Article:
“These Habits are lifelong pursuits, and proclaiming success is likely to let your guard down.”
Nowhere in the US Constitution is there an express right to privacy. Wouldn’t it just be bonkers if the government could intrude in your personal affairs as long as it technically didn’t violate any clauses of the text? Thankfully, it can’t, because in 1965 the Supreme Court held that an individual right to privacy can be found in the collective shadow cast by others in the Bill of Rights. Privacy is, therefore, a penumbral right. Thus, penumbral came to refer to an implicit concept that’s logically entailed by other, explicit ones.
Introspection, I submit, is a penumbral Habit, logically entailed by PSU’s four explicit Habits. It’s only fitting, then, that professors like me would be asked to undertake this introspective exercise, assessing their own progress in the HOMs.
You would hope a person with two degrees in information, combined with two decades of practice using information, both analog and digital, would have reached the proverbial summit.
And while I believe I have, I am reluctant to claim such a pinnacle. As I tell students, these Habits are lifelong pursuits, and proclaiming success is likely to let your guard down.
I always “seek additional knowledge” for contextualization and “recognize implications” of text (probably to a fault given the amount of time I often take composing emails).
I intend to work on “organizing and synthesizing information” to generate “new insights” in my communication. This has always come slowly to me.
I face the day’s challenges, large and small, with a repertoire of approaches. When confronted with, say, a workplace conflict, I apply strategies to “survey the problem from various points of view.”
Often, that involves seeking common ground and showing empathy. Good faith efforts like these foster compromise.
Sadly though, I still sometimes succumb to the Lebowski Trap. The Lebowski Trap, if you haven’t heard of it (because I just made it up) is the condition of having the facts on your side while being so abrasive that the other person still resents you.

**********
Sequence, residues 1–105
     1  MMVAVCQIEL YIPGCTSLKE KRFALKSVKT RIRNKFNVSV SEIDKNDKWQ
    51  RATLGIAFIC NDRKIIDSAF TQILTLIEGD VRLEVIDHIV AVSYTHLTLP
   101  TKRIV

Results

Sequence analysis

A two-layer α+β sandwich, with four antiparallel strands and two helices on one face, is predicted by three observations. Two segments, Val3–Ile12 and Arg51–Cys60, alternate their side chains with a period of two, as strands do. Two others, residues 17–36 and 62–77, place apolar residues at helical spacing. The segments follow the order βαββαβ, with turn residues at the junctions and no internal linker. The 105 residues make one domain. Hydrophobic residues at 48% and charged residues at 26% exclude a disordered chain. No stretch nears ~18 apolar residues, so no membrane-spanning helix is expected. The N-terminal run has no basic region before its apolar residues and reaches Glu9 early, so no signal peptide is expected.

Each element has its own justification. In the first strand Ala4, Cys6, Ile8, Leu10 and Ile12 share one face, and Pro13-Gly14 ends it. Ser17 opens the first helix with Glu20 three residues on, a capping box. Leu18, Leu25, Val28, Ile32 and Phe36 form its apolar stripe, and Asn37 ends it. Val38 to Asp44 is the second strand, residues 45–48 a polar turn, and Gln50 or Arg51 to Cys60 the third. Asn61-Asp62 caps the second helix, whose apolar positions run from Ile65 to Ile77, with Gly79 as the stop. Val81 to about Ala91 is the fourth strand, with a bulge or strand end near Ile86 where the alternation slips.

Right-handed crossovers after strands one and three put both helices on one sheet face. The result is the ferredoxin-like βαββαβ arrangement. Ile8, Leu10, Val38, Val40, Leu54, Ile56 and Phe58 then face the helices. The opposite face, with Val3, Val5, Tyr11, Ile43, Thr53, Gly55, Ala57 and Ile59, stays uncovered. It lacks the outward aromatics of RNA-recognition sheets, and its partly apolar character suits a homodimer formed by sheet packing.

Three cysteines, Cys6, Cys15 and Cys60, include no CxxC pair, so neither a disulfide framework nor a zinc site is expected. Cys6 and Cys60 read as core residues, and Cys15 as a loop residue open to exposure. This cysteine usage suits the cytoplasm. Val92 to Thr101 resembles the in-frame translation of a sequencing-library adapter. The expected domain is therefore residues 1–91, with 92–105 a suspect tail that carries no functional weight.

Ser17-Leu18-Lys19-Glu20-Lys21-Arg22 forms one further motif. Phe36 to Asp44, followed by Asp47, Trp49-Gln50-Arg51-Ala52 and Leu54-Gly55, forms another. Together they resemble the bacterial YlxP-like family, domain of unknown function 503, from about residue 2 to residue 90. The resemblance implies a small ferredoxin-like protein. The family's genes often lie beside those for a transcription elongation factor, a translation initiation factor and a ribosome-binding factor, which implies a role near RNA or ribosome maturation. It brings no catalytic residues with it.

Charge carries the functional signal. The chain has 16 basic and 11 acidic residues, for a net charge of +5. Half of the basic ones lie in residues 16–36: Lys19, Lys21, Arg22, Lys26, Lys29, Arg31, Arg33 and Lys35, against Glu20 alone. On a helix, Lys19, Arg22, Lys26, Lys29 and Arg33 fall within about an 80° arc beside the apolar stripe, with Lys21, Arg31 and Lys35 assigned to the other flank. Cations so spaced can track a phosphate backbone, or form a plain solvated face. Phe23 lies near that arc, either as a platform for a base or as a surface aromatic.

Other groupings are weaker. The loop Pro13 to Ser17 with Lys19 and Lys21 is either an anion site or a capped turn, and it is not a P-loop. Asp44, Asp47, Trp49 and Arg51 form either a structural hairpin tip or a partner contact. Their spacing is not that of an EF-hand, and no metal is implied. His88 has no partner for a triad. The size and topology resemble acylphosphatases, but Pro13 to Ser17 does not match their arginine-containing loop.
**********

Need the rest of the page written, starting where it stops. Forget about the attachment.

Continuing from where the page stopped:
This means I must need more practice “exploring and incorporating multiple perspectives.” I am close to, but have not yet, reached the summit.
Speaking of perspectives, I think I excel at “analyzing the interconnectedness” between systems and “augmenting my own limited perspective.” Being a research librarian prepares one for that.
I have become well versed at seeking facts from diverse sources and disciplines, then provisionally cobbling them into an incomplete whole… like a 1,000-piece puzzle you’ll only ever see 12 pieces of.
Considering not only outside perspectives, but unheard-of perspectives, and even as-yet-unknown perspectives, gives me a sense of intellectual humility on my way to the summit.
Oof. I did not save the best for last. Learning I do with alacrity; it’s the self-regulation at which I fall short. Unfortunately, I need to make much more progress at “setting high expectations for myself and “developing a plan” to meet them.
Never has this deficit been more clear than during the COVID-19 pandemic. Setting organizational goals and deadlines has never been a strength of mine. The pandemic has given me even more slack. My work and personal time have started to run together, and I often fail to hold myself accountable. The struggle, the climb, is real.
As I tell students, these four Habits of Mind are not the only ones a university could have chosen to pursue, but they are extremely worthwhile.
Introspection has always been my forte. Even if I have much progress to make in the four HOMs, this penumbral habit will serve me well.
While I am at or near the summit in most of the Habits, my philosophy forces me to believe it’s always just a little further.